30
January
2019
|
15:03
Europe/London

Oldham scientist rallies residents to unite for World Cancer Day

An Oldham  scientist is backing Cancer Research UK’s campaign for World Cancer Day and is urging everyone to join her.

Habiba Begum, from the Cancer Research UK Manchester Institute, part of The University of Manchester, is encouraging local people to wear one of the charity’s brightly coloured Unity Bands with pride on Monday, February 4.

Volunteers from the Cancer Research UK Oldham Committee will be holding a collection for World Cancer Day at Greenfield Tesco in Chadderton on Saturday 2 and February 3 February on where shoppers will be able to pick up a Unity Band.

The bands are also available for a suggested donation of £2 from WHSmiths and Peacocks in Oldham as well as at all Cancer Research UK shops in the North West and online at cruk.org/worldcancerday

Habiba, a former Hathershaw College and Oldham Sixth Form student, from Oldham, said: “Every hour, around five people are diagnosed with cancer in the North West of England* so by wearing a Unity Band, people can show their support for those affected.

“As a cancer scientist, I know first-hand the impact the disease has on individuals and families. That’s why I’m inviting everyone to be part of a movement that can help make a real difference to so many people’s lives.”

A Unity Band is a wristband which symbolises solidarity with people affected by cancer.

Available in three different colours – pink, navy and blue – it can be worn in memory of a loved one, to celebrate people who’ve overcome cancer or in support of those going through treatment.This powerful accessory in the fight against the disease, raises money through donations to help fund crucial cancer research, like the work being carried out in Greater Manchester.Habiba works as a cell biologist in the Drug Discovery Unit at the Cancer Research UK Manchester Institute – part of The University of Manchester - currently housed at Alderley Park, in Cheshire. She is playing an important role as part of a team helping to develop cancer drugs of the future for patients.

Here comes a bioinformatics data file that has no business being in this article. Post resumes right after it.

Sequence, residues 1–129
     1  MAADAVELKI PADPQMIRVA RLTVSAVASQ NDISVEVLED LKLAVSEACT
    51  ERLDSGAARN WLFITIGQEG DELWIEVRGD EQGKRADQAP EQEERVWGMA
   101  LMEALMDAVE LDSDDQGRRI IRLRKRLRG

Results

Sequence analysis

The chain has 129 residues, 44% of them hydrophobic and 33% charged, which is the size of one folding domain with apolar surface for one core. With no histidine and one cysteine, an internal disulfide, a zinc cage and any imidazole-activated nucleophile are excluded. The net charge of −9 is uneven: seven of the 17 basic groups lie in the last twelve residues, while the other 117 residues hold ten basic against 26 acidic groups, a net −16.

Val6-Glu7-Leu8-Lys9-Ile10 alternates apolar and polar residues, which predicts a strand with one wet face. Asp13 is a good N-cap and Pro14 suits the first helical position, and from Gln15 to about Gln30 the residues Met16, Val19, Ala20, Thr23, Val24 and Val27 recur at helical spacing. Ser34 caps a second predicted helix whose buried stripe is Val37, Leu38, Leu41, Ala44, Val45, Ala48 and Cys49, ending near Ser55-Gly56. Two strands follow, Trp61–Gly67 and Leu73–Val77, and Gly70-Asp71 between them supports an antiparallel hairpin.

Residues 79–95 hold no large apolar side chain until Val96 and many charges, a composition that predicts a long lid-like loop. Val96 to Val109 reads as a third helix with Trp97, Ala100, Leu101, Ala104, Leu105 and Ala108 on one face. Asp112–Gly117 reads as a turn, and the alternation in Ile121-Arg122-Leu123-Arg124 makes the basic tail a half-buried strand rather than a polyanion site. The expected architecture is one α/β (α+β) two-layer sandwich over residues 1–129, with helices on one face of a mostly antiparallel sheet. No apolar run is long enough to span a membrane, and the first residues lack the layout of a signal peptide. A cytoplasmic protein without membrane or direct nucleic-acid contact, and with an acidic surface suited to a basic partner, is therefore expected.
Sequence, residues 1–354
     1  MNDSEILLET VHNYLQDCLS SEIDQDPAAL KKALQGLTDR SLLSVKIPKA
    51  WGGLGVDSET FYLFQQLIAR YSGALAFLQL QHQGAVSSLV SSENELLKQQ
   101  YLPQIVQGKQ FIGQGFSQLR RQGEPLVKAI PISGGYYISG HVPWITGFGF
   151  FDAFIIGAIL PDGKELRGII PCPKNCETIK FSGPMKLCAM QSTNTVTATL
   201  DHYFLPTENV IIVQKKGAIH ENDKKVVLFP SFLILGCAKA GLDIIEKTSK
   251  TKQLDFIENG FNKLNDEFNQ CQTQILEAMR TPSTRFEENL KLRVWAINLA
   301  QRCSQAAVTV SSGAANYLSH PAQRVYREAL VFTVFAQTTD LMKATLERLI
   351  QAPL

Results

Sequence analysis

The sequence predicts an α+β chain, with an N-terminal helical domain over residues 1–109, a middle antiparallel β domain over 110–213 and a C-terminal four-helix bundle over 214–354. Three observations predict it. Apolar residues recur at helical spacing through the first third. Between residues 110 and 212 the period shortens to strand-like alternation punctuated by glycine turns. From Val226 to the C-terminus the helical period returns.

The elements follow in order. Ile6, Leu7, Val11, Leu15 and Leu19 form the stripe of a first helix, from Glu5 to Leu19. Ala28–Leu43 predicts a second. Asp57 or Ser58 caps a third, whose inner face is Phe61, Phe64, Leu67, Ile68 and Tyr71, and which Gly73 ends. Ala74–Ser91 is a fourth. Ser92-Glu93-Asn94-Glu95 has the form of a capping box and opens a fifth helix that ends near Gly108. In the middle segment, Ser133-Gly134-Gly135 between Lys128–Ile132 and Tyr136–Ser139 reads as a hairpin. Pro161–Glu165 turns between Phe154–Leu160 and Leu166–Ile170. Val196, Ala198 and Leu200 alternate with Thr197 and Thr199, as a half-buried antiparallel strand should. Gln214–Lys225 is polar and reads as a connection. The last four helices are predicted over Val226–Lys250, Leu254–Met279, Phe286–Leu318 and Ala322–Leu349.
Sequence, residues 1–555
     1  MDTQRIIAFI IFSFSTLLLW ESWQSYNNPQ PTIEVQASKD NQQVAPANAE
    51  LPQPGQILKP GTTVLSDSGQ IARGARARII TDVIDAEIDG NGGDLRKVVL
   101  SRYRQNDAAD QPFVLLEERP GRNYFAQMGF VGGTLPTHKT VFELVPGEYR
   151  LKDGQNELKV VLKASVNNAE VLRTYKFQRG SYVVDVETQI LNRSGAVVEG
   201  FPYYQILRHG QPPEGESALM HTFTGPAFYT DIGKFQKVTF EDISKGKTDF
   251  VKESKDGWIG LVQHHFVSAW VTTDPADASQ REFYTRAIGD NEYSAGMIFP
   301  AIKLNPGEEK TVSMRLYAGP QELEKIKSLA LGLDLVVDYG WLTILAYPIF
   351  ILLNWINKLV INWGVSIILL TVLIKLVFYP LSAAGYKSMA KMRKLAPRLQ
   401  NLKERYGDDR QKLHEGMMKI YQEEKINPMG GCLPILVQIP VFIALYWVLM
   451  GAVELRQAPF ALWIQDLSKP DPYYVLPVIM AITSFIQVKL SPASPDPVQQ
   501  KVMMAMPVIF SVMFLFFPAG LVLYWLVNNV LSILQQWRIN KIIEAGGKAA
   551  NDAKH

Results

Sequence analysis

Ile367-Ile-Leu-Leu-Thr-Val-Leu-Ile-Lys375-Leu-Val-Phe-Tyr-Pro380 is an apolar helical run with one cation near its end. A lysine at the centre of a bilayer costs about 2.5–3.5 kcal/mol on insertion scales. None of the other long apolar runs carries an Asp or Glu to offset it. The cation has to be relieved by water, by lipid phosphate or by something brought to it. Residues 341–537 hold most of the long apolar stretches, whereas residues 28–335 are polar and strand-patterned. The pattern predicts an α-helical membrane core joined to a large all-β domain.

Every hour, around five people are diagnosed with cancer in the North West of England* so by wearing a Unity Band, people can show their support for those affected. As a cancer scientist, I know first-hand the impact the disease has on individuals and families. That’s why I’m inviting everyone to be part of a movement that can help make a real difference to so many people’s lives
Habiba Bequm

Last year, Cancer Research UK spent over £28 million in the North West on some of the UK’s leading scientific and clinical research - helping more men, women and children survive cancer.

Marked on February 4, World Cancer Day is designed to raise awareness of cancer and to promote its prevention, detection and treatment.

Thanks to research, more people are surviving the disease than ever before. Survival has doubled in the last 40 years in the UK and Cancer Research UK’s work has been at the heart of that progress.

But the charity needs everyone to act right now to help speed up advances which will help people spend more precious time with their loved ones.

Alison Barbuti, Cancer Research UK spokesperson for Oldham and Greater Manchester, said: “Banding together on World Cancer Day is a unique way for people in Oldham and Greater Manchester to unite with the rest of the UK, and the world. It’s a chance to show that together, we will beat cancer.

“One in two people born after 1960 in the UK will be diagnosed with the disease at some point in their lifetime, so we need as many people as possible to help back our doctors, scientists and nurses on the frontline against cancer.

“Wearing a Unity Band is a simple, easy way to raise vital funds, accelerate progress and save more lives. Small actions can make a big difference.”

cruk.org/worldcancerday

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